Walt's testimony at hearing on Oct. 13

Three messages:

 

  1. ATVs
  2. Cooperative Management Plan (also state plan issue)
  3. Combine OPRHP and DEC (also state plan issue) 

 

We are going to be saddled with budget issues for many years. It is time to change the plan to reflect that reality.

ATVs

Read the bottom paragraph on page 6 of the Trails Plan. [Several at the hearing mentioned trail fragmentation as effecting the ecology, but ATVs are the biggest threat by far.]

 

  1. You recognize that there is a problem but punt on the solution. 
  2. There needs to be significant money allocated to police, education and barriers. This is more important than a new park office, for instance.
  3. Work with legislators to put real teeth in the laws so that violations hurt.

 

Cooperative Management Plan

The current plan is all top down OPRHP directed. As a cost reduction measure you should consider releasing some of the control to volunteers such as is done with the relationship between NPS and ATC (passed through to NYNJTC). The best description of this is in the Local Management Planning Guide put out by ATC, http://www.appalachiantrail.org/site/c.mqLTIYOwGlF/b.4805659/k.DD0E/Policies.htm.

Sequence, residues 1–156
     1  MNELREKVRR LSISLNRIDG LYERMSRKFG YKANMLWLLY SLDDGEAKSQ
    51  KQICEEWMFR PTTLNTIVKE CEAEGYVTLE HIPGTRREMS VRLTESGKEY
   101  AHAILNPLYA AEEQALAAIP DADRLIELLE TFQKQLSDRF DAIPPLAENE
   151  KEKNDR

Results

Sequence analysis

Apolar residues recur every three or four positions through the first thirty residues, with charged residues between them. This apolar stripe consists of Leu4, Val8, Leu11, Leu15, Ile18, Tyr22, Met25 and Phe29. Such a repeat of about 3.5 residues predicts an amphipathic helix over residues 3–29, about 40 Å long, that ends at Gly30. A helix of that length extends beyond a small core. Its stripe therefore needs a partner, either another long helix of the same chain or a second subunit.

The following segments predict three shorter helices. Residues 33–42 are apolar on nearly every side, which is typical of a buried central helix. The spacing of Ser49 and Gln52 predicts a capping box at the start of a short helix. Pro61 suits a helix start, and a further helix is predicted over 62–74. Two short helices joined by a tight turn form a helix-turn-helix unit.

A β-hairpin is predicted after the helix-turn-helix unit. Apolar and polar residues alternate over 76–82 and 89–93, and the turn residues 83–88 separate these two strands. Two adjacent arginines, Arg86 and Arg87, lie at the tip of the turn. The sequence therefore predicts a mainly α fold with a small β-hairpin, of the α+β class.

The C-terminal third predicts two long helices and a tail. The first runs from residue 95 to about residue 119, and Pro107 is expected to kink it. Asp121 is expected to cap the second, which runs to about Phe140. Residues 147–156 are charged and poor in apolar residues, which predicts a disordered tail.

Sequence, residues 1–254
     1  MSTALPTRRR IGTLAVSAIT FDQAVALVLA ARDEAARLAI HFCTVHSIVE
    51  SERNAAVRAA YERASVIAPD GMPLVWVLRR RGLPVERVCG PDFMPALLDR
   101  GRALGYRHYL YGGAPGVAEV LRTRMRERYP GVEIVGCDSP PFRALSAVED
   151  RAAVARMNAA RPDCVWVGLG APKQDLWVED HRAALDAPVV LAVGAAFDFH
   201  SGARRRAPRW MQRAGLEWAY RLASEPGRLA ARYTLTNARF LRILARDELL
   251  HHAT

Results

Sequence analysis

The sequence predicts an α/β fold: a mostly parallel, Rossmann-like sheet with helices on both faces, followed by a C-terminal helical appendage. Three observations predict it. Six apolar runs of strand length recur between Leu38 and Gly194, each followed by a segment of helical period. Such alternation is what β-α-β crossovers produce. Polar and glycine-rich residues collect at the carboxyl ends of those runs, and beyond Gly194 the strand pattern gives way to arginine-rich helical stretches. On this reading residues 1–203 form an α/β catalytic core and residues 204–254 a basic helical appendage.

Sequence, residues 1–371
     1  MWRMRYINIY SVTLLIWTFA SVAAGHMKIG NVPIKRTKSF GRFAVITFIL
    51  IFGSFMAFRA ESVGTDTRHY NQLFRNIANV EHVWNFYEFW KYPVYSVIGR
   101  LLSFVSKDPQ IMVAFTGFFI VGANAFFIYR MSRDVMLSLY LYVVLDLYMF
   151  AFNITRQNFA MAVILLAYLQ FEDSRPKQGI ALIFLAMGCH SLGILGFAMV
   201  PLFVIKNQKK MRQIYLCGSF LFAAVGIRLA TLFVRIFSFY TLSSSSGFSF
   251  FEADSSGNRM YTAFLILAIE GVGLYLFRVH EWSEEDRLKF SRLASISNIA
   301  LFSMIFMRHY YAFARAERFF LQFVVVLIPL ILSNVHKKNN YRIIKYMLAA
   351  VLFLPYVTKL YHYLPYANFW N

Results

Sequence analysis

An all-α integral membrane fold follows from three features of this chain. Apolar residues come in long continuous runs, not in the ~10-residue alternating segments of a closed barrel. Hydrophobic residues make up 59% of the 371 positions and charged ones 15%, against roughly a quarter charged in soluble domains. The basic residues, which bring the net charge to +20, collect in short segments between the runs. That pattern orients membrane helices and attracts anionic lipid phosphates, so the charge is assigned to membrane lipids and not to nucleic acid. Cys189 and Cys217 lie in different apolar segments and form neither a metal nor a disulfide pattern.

1. NPS handles those legal things required by law, e.g. NEPA compliance, federal laws and provides some funding for projects.
  2. ATC, along with its local maintaining clubs such as NYNJTC, provide the rest of the management and raise other funds.
  3. The delegation works all the way down to the individual who maintains 1-2 miles of the AT. They are empowered to do many things on their own.
  4. NPS has very little infrastructure, and less than 10 employees.
  5. A similar approach could work for state parks but with some changes needed to deal with the increased infrastructure of swimming pools, campgounds and buildings. 

Combine OPRHP and DEC

 

  1. We can no longer afford the duplication of effort. Most other states manage all of their responsibilities under one director.
  2. We would get more uniform policies, e.g. not have two group specifying different trail standards.

 

 

 

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